Self-Consciousness And Conversation: Reading Genesis 22 -- By: Ellen F. Davis
BBR 1:1 (1991) p. 27
Self-Consciousness And Conversation: Reading Genesis 22
Yale Divinity School
The major task of biblical scholarship in the last one hundred years has been to establish historical contingency as a principle of interpretation. The application of scientific method to the question of the composition of the biblical texts has enabled us to view them as products of ancient Israel’s culture and yielded insight into the complex social processes through which they emerged. The present essay seeks to supplement that line of investigation by drawing attention to another dimension of the historical or cultural conditioning of the text: namely, that which unfolds when it is read. The same forces which gave rise to historical study of the Bible also produced the discipline of literary criticism, whose concern is systematic reflection on the activity of reading itself. In the past two decades, “literary readings” of biblical texts have proliferated in response to what some scholars perceive to be the sterility of the historical approach. Yet to date, biblical scholars have benefited only slightly from the insights of literary theorists, whose own art or science has evolved as a slightly older contemporary of critical biblical study. It is my contention that attention to literary criticism poses questions about our treatment of the biblical text no less fundamental than those occasioned by the refinement of the historical and social sciences.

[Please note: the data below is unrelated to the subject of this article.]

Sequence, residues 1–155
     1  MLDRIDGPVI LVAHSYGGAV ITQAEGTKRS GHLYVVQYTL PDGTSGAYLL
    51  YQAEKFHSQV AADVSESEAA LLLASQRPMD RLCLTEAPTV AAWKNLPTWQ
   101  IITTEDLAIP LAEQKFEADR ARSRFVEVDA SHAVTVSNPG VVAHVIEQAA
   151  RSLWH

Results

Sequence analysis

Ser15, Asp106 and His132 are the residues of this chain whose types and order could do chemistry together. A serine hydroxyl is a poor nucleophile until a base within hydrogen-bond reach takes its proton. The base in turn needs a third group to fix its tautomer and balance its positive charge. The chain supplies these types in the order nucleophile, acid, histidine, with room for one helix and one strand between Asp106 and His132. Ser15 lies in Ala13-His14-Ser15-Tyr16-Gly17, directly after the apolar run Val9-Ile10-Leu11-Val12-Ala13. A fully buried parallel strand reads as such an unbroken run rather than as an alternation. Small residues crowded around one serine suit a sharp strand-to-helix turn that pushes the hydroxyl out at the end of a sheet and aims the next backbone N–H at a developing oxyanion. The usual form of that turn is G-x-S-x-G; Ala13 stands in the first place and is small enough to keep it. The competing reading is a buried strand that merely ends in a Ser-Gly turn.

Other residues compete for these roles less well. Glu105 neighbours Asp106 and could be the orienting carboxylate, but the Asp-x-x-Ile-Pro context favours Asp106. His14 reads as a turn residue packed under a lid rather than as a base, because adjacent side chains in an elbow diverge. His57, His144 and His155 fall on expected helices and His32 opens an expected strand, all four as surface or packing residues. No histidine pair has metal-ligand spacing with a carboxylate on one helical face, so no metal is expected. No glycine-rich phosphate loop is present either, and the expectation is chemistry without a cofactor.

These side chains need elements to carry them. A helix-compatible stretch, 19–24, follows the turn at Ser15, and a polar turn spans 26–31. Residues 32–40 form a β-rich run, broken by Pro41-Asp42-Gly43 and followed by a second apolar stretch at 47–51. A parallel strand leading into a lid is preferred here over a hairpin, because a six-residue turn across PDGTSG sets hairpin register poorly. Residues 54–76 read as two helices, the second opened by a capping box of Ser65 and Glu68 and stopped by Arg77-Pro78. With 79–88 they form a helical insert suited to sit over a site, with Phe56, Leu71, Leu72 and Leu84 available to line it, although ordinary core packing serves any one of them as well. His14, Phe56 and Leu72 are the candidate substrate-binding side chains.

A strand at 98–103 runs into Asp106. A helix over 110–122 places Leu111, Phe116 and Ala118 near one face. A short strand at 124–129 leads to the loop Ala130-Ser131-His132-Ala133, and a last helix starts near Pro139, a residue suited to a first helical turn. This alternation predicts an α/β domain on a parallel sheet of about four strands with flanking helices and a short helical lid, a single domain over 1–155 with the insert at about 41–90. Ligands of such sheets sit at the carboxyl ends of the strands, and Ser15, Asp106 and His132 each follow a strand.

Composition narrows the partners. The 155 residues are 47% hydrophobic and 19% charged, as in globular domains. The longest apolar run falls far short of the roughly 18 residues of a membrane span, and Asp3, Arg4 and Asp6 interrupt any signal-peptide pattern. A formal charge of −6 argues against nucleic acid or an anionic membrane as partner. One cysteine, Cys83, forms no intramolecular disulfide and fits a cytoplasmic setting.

The current generation of professional readers is characterized by a preternatural degree of self-consciousness, and it is precisely that which makes their discussions important for biblical scholars. Literary critics challenge us to acknowledge the complexity of our responses to the text and the way in which those responses are conditioned by participation in certain traditions of reading. This essay reflects on the activity of reading by looking at three interpretations of a single biblical text, Genesis 22 (the Sacrifice or Binding of Isaac). Its principal aim is to induce self-consciousness: not to suggest a new interpretation, but rather to highlight the presuppositions underlying those that are
BBR 1:1 (1991) p. 28
already established. A secondary purpose of this study is to suggest that such self-consciousness is an important factor in the fostering of conversation among different religious communities, communities which are in large part defined by different ways of reading Scripture. Because the three perspectives treated here have been influential among Protestant Christians and Jews, what follows may contribute something to the dialogue between those groups.
Stated in their briefest form, those three per...
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